This isn’t a music criticism blog, it’s a music celebration blog. And while I have enough ego to hope it’s interesting or amusing to some people, it’s as much for me as it is for you: it’s here to satisfy my weird obsession with knowing what I liked best, or at least played most, in any given year, and to help me find the song I loved last week that the song I’ll hear three years from now reminds me of so much.
But lately a bit of criticism has been creeping into it, because I can’t always turn off the critical part of my brain and just love the music. I’ve been thinking a lot about problematic art, and voting with dollars, and the horrible Kesha ruling, and how last week I decided not to buy an album because a song title suggested the band might not be not sexist.
This week an algorithm recommended Camera Shy to me. Good job, algorithm, because they sound almost exactly like wistful indie poppers B’ehl, a band I really liked, but bad job, algorithm, because it’s a side project of Whirl/Whirr dude Nick Bassett. Bassett, you may recall, lost a speed-of-Twitter trial last year on charges of transphobia after a public dustup with the band G.L.O.S.S.. I had at that point purchased most of Whirl’s catalogue – second string stuff, worshipping at the altar of MBV/JAMC, but pretty good within its niche — and I felt stung, because it was really clear which side of this dispute I didn’t want to be on. (Bassett’s half-assed apology and attempted blame-shedding was almost worse than the original remarks, if you ask me.)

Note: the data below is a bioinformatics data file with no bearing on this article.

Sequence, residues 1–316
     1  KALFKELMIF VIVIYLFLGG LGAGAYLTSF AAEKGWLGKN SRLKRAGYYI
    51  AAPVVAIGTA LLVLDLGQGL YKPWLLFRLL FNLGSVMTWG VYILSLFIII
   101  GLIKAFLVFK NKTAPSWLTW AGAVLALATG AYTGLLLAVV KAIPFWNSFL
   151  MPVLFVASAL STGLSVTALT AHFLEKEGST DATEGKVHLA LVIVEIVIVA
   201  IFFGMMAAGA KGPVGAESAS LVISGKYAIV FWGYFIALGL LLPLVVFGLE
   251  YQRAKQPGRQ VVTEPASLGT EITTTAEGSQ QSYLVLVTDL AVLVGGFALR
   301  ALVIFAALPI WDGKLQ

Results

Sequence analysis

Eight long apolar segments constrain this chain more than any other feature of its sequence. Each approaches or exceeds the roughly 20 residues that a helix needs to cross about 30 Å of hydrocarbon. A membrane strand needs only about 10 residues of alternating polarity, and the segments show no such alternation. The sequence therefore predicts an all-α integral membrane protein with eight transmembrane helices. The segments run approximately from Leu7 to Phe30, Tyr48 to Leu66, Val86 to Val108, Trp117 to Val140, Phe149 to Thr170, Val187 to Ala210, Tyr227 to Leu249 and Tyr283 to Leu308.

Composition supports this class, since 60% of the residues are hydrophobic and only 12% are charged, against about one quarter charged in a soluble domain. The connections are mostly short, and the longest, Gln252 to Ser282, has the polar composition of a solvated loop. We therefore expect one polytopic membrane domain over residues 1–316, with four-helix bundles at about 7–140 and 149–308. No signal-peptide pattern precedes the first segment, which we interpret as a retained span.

Somebody recently shared a little graph on Twitter, and one one side it said good people, mediocre people. bad people. and on the other side it said good art, mediocre art, bad art, and lines connected every possible combination. OK. But I believe in supporting artists financially, and I don’t want to support bad people financially. And there’s more good art by good people than I have time to absorb and appreciate anyway. Which isn’t to say I’m not going to listen to anything by anyone problematic ever (not ditching Miles Davis CDs) but I’m going to try to be judicious about it.
(Perversely, this is a kind of a useful thing about streaming revenue structures. Enjoy that thousandth of a penny from me, Nick. It probably won’t happen again.)
on to last week’s most-played artists:
- Worthwhile Way are from Tokyo, and have forged ties with the Gainesville Florida punk scene (I stumbled on them through a split with the sometimes Sugar-ish Madison Bloodbath), but they remind me very much of the side of Sarah Records/C86 that was too energetic to be tagged “twee,” and they sound more than a bit like current practitioners of the form Allo Darlin’ and Standard Fare. “After the Rain Comes Sunshine” is totally wedged in my head.
- Red Dons – on bandcamp you can recommend artists you like on the checkout screen for your albums, and Daylight Robbery did that, and that’s how I found Red Dons and The Stops. All 3 bands have some stylistic overlap – midrange-y, choppy, guitars and snakey basslines that recall the early 80s before punk and post-punk became really discrete. (My friend Greg helped me figure out that Daylight Robbery, in particular, reminds of early Mission of Burma and Wire; the Exene/John-ish tradeoffs are a red herring.) For what it’s worth, Red Dons probably fit least comfortably in this box, especially on last year’s (really good) “The Dead Hand of Tradition,” which feels like they’re trying some new things.